Mack, Sack and Craic

Managed to catch the right bus, this time, to the town of Merida. Absolutely pouring, good day for bus journey. REALLY boring though, long motorway flanked either side by dense green vegetation.

Went straight in for some Yucatecan specialities… Sopa de Lima (Lime soup) at La Chaya Maya is an immediate fav. Lovely restaurant; there are two, we were in the new one set around a central courtyard.

Next day we woke up to this.. view from Hotel Dolores Alba in Merida at dawn.

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Also the dawn of this blog. Yessss… it HAS taken a while since to actually start blogging. Our wi-fi issues increased when our hotel started to fill up as we neared el Dia de los Muertos, and we have (unsuccessfully) been trying to think of a good domain name.

Initially I chose, but once committed we realised it was a bit twee. My parents house is called ‘Linzel’, which I always thought must have been a naff portmanteau of Lin and Hazel, or Linzi and Manuel, or something. And here I am creating a blog called ‘Jimily’. But its endearing to be given a collective noun by your mates, so why not?

Other non-starters were:

  •  macksackandcraic (but too Jim oriented)
  • Iquit.job
  • masmasmas
  • ojorojo
  • alpackinglight
  • ancientruins
  • gringostars
  • etc

…. there’s a pun somewhere.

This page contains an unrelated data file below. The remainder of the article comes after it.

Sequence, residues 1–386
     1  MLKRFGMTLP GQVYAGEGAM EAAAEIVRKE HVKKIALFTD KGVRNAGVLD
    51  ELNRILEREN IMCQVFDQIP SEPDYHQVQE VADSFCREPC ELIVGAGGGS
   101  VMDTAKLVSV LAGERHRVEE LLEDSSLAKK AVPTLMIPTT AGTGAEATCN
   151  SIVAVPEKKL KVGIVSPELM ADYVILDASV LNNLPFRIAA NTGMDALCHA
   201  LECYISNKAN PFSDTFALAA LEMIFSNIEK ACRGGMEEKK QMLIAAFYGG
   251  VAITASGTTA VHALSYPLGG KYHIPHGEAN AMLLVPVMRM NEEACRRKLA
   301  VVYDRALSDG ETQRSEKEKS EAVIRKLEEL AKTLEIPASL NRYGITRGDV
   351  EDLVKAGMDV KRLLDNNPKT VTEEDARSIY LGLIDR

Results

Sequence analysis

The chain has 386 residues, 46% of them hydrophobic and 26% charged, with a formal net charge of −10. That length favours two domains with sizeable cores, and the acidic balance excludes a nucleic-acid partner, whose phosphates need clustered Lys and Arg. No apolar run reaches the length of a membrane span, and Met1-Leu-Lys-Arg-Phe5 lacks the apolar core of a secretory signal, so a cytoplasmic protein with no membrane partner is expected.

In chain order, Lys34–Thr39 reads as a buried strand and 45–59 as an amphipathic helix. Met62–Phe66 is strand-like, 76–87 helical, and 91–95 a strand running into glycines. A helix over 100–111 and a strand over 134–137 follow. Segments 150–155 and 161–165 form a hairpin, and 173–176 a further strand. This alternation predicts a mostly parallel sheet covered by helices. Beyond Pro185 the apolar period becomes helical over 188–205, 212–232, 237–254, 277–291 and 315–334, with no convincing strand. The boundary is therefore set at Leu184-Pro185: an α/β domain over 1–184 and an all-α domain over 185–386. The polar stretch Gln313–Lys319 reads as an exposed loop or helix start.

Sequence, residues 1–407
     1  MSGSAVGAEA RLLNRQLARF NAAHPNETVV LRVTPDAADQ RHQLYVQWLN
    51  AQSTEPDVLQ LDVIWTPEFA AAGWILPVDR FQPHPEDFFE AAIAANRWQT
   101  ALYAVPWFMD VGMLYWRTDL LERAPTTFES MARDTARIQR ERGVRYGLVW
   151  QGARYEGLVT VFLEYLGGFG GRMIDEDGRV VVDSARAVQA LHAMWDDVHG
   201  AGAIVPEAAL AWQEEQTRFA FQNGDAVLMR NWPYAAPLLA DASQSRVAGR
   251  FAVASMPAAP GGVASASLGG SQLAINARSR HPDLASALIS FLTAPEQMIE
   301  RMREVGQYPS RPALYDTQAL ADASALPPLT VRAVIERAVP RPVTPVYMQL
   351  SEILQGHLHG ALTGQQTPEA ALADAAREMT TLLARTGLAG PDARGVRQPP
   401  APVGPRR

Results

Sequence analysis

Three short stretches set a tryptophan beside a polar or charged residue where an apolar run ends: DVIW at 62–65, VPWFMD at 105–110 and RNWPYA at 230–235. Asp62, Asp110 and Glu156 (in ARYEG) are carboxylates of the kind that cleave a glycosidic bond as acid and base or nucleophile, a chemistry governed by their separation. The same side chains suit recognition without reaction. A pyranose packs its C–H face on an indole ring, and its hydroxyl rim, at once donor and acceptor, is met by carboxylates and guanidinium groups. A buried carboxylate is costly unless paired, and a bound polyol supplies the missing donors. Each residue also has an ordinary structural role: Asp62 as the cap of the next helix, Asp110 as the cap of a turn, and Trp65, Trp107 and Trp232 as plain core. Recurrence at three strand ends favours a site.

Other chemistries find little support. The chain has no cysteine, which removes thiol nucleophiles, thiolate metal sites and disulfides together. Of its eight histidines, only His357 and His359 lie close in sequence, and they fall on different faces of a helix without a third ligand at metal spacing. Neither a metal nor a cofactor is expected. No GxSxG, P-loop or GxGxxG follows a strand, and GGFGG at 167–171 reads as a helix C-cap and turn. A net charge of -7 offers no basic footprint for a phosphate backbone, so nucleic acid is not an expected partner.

Pretty chilled the rest of the day. Wandered out along Merida’s cracked and crumbling streets for a nose around after breakfast. Very near Zocalo main square, with its cute little love seats (see us show you how it’s done below), groups of men were setting up thatched stalls for el Dia de los Muertos, massive queues for the bank, lots of people milling around busying themselves or chilling in the shade.

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Had a hang around the pool, then went to Lucas de Galbez market to find some lunch. I guess you’d describe it as a ‘people run’ – massive, undercover, with narrow walkways…you get picked up by the crowd shuffling through and deposited the other side. Found a decent street taco stall, two each with a large bottle of coke for 40 pesos (about £2). Loving the habanero sauce, lime and radish accompaniment. Watched everyone buzzing around – cooking, walking, running, carrying, talking. Lots of flies buzzing around too on the sweets and treats being sold. People, signs, stalls, wares, cars, police, whistles, smells of damp or sewers or sweets or perfumes.. or all of them together! Pretty damn hectic.

Bought some snacks and traditional “el pan de muerto cake to bring back. Cake smelt like cheese so we didn’t eat that. Think its actually egg.

During the afternoon we discovered, in the course of doing some spanish learning, that Jim has an amazing French vocabulary he didn’t realise he was harbouring all these years; “merci”, “pourquois”, “a quelle heure” etc are all making a comeback. We’re also a bit unsure of the usage of ‘seniorita’ as opposed to ‘señora’… so we imagine Jim is calling everyone ‘gal’… “alright gal”, “thanks gal”, “very good gal”. The first cockney Espanol.

Walked out again in the evening and found Los Trompos (on street where photo below was taken), sort of fast-food but cheap. Each time we buy dinner its getting roughly 20% cheaper as we work out how to stick to a backpacker budget. Checked out a Mayan pub afterwards, nice garden where locals were drinking.
.. street at night.

.. street at night.

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